“And with the vast majority of our seas still unexplored till this day, for me, the oceans were an indestructible source of inspiration. But not long into starting the project, this romantic vision that I always had of the ocean completely changed.” -Ali Tabrizi 

Those words were part of Ali Tabrizi’s opening to his controversial documentary, Seaspiracy. Highlighting the corruption and disastrous habits of groups across the world, the documentary opened on Netflix in 2021, and has been shaking up the fishing industry, marine industries, and even conservationists ever since.. 

I watched the documentary about six months ago for a Humanities Pathway activity, and it moved me like no other piece of film I’ve seen. I laughed a little – cried a lot – as Tabrizi showed the horrors of corrupted areas, such as an island off of Japan and the Faroe Islands. 

I found myself in a quarter-life crisis, so to speak, about the impact I have left as a consumer of the meat and fish industry. I spent a whole month contemplating whether or not to remove meat and fish from my diet. However, after recent research (for this article, actually), I’ve discovered that the documentary may not be as accurate as I thought. 

An article on forbes.com titled “Seaspiracy: A Call To Action Or A Vehicle Of Misinformation?” by Liz Allen piqued my interest as I was researching. Upon opening the article, I was overwhelmed with what I was reading. 

In the documentary, Tabrizi calls out two major corporations – that are actually ocean focused nonprofits – for lying about their dolphin-safe fish and reduced use of plastic. Both of these nonprofits are “ocean protection behemoths,” making Tabrizi’s claims extremely scandalous for their companies (Allen 1). The nonprofits were forced into “supporting” Seaspiracy so that they would not enter into a large scandal with Tabrizi and his team.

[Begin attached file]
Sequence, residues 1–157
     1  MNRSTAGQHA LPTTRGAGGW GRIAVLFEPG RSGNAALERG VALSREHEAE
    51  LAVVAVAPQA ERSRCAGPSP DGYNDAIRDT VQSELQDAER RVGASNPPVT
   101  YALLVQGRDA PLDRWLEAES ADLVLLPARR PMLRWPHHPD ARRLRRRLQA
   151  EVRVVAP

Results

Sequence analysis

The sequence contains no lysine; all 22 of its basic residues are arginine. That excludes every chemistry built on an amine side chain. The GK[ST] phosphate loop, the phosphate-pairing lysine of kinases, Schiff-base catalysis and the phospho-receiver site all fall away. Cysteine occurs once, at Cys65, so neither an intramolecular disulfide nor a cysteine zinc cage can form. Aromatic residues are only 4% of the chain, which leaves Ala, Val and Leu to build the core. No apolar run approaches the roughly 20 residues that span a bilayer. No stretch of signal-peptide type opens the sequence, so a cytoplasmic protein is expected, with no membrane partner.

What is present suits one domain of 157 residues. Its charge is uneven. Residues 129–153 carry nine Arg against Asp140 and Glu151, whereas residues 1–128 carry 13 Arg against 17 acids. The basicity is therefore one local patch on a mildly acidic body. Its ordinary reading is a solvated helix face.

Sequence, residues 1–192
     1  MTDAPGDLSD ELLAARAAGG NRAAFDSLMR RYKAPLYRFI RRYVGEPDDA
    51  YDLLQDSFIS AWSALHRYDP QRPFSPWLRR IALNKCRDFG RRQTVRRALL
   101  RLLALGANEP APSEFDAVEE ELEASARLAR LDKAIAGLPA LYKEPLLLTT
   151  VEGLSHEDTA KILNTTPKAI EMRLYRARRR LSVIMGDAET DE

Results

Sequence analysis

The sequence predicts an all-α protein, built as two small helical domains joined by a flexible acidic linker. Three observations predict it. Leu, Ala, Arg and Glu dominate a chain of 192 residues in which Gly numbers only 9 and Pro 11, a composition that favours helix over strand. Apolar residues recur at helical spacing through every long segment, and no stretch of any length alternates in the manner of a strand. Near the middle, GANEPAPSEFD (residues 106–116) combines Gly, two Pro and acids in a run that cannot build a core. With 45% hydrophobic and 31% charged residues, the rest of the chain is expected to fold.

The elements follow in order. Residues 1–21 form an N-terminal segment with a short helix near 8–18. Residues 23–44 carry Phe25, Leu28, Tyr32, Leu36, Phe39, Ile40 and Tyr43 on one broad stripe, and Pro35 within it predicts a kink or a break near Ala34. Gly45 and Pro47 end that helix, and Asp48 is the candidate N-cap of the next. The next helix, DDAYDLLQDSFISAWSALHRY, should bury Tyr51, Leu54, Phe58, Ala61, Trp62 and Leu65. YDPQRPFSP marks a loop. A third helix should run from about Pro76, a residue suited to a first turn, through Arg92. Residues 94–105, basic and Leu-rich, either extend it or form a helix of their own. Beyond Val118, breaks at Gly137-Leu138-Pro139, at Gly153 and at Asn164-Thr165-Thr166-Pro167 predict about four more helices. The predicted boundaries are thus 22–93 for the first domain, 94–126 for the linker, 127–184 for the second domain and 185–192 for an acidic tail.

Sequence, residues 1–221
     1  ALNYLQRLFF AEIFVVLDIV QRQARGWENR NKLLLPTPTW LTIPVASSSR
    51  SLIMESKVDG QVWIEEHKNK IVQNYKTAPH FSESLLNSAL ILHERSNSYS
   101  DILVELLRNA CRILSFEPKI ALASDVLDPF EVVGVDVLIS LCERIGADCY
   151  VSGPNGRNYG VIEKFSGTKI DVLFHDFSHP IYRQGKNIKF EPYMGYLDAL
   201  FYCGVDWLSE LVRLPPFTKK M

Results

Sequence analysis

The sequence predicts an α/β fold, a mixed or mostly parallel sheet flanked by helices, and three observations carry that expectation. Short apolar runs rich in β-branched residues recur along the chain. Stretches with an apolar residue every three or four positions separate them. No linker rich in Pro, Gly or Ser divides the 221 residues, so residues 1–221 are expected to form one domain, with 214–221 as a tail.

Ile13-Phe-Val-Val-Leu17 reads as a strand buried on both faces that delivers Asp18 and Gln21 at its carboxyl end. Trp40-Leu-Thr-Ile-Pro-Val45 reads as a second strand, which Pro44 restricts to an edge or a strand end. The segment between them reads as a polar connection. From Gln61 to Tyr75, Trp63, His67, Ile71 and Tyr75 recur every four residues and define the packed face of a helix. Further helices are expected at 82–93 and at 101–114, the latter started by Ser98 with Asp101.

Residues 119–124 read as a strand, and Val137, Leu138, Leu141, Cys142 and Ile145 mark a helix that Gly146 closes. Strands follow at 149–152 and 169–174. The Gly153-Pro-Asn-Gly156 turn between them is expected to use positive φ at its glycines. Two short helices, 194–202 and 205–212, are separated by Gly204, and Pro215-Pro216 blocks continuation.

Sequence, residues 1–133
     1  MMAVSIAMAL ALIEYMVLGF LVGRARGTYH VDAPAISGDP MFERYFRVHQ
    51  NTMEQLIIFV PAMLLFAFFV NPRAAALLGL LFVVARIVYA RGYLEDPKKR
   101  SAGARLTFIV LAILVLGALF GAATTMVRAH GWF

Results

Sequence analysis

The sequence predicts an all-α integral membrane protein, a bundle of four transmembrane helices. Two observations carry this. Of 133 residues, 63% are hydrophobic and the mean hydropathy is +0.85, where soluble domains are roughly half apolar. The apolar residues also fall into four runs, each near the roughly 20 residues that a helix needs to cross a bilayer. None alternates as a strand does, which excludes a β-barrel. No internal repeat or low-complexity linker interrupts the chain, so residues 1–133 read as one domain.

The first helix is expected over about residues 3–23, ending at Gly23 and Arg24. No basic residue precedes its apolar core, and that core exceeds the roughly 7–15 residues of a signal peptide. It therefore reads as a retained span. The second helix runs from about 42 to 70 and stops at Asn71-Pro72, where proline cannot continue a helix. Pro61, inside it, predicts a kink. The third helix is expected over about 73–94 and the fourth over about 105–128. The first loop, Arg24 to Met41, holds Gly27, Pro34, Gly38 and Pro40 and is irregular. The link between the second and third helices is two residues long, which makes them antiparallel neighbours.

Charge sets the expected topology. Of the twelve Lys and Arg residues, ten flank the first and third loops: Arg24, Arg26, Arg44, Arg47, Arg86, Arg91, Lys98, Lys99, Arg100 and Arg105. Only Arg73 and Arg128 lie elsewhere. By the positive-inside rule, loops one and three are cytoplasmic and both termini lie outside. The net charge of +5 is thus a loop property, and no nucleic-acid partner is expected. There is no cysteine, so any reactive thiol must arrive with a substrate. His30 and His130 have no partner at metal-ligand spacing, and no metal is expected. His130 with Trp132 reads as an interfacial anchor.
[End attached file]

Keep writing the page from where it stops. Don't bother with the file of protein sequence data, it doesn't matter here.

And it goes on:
This misinformation is not the only thing Tabrizi stretches the truth (if there even is any) about. Throughout his documentary, Tabrizi truly gives no backup for his information other than his camera work and some work alongside the Sea Shepherd (another nonprofit conservation organization). He uses a “just trust me attitude,” but doesn’t give much explanation as to why we should trust him or believe his claims that are off camera (Allen 1). A good researcher backs up their claims, something everyone learned in science over the years. 

While there is some truth to Tabrizi’s claims in Seaspiracy, such as the fact that the poaching of sharks simply for their fins is unnecessary and extremely dangerous to their species, there is a lot that Tabrizi rushes over and lacks in expanding on. The documentary has definitely changed my perspective on how I live my life and what I will leave behind, but it also reminded me of the importance of credible information. While I thought Netflix was pretty credible, that didn’t mean Ali Tabrizi would be as well. Seaspiracy was an excellent reminder to me that I can and do make a difference on the earth. On the other hand, however, it did preach (unintentionally) to an arguably more important topic. The power of misinformation. 

While making some humongous claims in his documentary definitely made waves (get it?), it also showed how the media can overdramatize anything to make it more interesting – and Seaspiracy is not the first example of that. Remember to always make sure your information is credible! I’m glad I fact-checked myself while writing this, and I’m sure one day you’ll be glad you double-checked yourself as well. 




Photo Credit: Netflix